Possible sale of 12 AH-1Z attack helicopters to Bahrain approved

Two USMC Aviators killed in AH-1Z Viper helicopter crash

By Dario Leone
Apr 1 2019
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The pilots were flying an AH-1Z Viper as part of the Weapons and Tactics Instructor course at Marine Corps Air Station (MCAS) Yuma.

On Mar. 30, 2019 two aviators were killed in a helicopter crash that occurred during a routine training mission March 30 near Yuma, Ariz the U.S. Marine Corps (USMC) announced Sunday afternoon.

In a statement appeared on Facebook, Marine Corps Air Station Yuma officials said the pilots were flying an AH-1Z Viper as part of the Weapons and Tactics Instructor course. The crash occurred around 8:45 p.m at the air station’s training grounds and its cause is currently under investigation,

The names of the pilots who were killed have not been released pending notification of their families.

The AH-1Z attack helicopter provides rotary wing close air support, anti-armor, armed escort, armed/visual reconnaissance and fire support coordination capabilities under day/night and adverse weather conditions for the U.S. Marine Corps (USMC).

The USMC is replacing the two-bladed AH-1W with the AH-1Z, which features a new, four-bladed composite rotor system, performance-matched transmission, four-bladed tail rotor, upgraded landing gear and a fully integrated glass cockpit. The commonality gained between the AH-1Z and the UH-1Y (approximately 85 percent) is expected to significantly reduce life-cycle costs and the aircraft’s logistical footprint, while increasing the maintainability and deployability. The AH-1Z is equipped with an integrated advanced fire control system and the capacity to support multiple weapons configurations.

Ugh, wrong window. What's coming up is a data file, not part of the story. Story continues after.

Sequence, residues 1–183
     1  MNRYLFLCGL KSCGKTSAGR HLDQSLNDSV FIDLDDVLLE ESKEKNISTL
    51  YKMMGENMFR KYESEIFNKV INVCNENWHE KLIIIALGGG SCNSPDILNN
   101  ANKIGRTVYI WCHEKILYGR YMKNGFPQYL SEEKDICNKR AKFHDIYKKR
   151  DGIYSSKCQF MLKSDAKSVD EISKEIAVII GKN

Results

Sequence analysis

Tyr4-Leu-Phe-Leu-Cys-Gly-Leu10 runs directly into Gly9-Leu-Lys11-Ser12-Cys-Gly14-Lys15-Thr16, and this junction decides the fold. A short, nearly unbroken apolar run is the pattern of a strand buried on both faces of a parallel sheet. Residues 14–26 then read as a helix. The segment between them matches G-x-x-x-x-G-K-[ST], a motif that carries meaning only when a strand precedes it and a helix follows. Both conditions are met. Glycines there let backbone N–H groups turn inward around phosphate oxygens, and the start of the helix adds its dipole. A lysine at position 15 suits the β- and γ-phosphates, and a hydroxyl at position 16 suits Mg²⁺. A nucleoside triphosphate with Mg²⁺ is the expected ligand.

Photo credit: U.S. Navy

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Dario Leone

Dario Leone

Dario Leone is an aviation, defense and military writer. He is the Founder and Editor of “The Aviation Geek Club” one of the world’s most read military aviation blogs. His writing has appeared in The National Interest and other news media. He has reported from Europe and flown Super Puma and Cougar helicopters with the Swiss Air Force.

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